Users Will Be Hit with Annual Price Increases as an Incentive to Move Off of Maintenance Plans
A day of reckoning is coming closer for Autodesk customers. Starting June 1, customers who get product updates and technical support for perpetual licenses of Autodesk software with an annual maintenance plan will be hit with a 5% price increase. That increase will climb to 10% next year and 20% in 2019.
Those users will be offered the chance to lock in a “loyalty discount” that amounts to 60% off for the next two years if they move to Autodesk’s new subscription model instead of renewing their annual maintenance plans.
The price hike is designed to make product subscriptions look more attractive as the company seeks to move nearly two million customers off of their maintenance plans, Autodesk executives said during the company’s first-quarter earnings call with analysts and shareholders.
“We believe that there will be a relatively small number of maintenance plan customers by the end of fiscal year 2020, and we’ll determine the best course of action for the subsequent renewal periods,” said co-CEO Andrew Anagnost in prepared remarks during the call. Later, in response to an analyst’s question about the expected rate of adoption of the subscription model, Anagnost said, “We have a clear goal to get as much of that maintenance base moved over to subscription by fiscal year 2020 as we possibly can.”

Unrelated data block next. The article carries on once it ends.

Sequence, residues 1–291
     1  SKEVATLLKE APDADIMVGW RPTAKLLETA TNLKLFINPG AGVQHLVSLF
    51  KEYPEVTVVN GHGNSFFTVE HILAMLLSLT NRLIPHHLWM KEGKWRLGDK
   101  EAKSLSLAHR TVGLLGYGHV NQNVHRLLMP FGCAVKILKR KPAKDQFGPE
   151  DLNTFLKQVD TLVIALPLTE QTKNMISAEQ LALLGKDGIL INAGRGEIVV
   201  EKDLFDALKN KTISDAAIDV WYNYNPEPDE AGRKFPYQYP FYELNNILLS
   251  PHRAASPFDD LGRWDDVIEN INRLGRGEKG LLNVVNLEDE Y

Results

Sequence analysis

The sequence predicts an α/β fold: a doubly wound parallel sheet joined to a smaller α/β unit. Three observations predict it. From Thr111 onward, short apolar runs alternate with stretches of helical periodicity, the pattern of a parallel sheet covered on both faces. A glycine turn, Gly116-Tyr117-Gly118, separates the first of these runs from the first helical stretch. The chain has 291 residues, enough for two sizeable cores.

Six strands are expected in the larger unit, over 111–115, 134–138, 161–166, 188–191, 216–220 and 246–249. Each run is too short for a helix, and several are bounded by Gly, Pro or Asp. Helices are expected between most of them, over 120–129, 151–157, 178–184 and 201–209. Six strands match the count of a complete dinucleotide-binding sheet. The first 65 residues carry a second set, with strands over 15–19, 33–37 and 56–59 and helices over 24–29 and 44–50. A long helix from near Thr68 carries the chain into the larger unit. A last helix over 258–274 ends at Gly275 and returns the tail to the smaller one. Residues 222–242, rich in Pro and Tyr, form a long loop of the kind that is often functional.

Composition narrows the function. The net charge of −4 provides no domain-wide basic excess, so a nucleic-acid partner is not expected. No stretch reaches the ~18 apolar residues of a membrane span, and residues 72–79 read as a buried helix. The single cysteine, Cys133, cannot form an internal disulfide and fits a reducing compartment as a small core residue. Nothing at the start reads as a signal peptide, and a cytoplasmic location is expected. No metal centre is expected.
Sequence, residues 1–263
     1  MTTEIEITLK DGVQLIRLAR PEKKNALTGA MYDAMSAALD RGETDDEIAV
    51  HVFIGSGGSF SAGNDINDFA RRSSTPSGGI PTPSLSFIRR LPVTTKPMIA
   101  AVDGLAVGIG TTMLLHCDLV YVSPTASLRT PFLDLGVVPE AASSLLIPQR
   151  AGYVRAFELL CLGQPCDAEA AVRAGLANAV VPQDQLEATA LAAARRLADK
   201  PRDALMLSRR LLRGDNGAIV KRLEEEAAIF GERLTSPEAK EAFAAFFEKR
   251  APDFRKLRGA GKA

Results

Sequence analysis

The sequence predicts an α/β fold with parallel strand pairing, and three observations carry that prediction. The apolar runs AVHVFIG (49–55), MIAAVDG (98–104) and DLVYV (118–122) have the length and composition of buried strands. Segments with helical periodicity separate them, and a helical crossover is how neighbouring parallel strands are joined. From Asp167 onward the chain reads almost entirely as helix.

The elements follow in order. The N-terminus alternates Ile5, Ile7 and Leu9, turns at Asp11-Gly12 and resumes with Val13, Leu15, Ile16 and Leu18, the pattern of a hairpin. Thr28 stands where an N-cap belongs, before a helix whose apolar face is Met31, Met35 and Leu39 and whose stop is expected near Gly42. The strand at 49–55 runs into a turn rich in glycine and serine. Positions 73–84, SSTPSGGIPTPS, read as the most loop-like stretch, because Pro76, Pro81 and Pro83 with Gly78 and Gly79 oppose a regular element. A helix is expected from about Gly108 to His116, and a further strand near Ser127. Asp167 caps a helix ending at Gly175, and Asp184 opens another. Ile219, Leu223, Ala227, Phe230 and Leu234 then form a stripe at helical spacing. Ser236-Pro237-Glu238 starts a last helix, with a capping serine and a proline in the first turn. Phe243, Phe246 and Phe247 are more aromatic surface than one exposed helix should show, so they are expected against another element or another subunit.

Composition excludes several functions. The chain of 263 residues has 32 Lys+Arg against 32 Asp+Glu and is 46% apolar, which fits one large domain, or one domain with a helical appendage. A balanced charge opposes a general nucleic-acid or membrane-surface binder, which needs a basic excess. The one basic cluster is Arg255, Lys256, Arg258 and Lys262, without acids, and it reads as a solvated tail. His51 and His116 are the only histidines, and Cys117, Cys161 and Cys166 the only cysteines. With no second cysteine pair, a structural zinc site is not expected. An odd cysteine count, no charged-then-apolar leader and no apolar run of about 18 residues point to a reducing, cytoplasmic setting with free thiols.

Overall, Autodesk said subscriptions increased by 233,000 during the first quarter, reaching a total of 1.32 million. However, another 1.97 million users are still on maintenance plans, and the company said maintenance plan subscriptions were down less than expected in the quarter. Another large group of users is the 12 million worldwide who don’t pay for Autodesk software; the company is going to “systematically pursue” converting pirates to paid subscribers, Anagnost said.
Autodesk posted a net loss of $129.6 million ($0.59/share) in the quarter, compared to a net loss of $167.7 million ($0.75/share) in the same period last year. Revenue is down, as expected, during the company’s transition to its new business model, but is expected to rebound once substantially all of the company’s customers are on a subscription plan.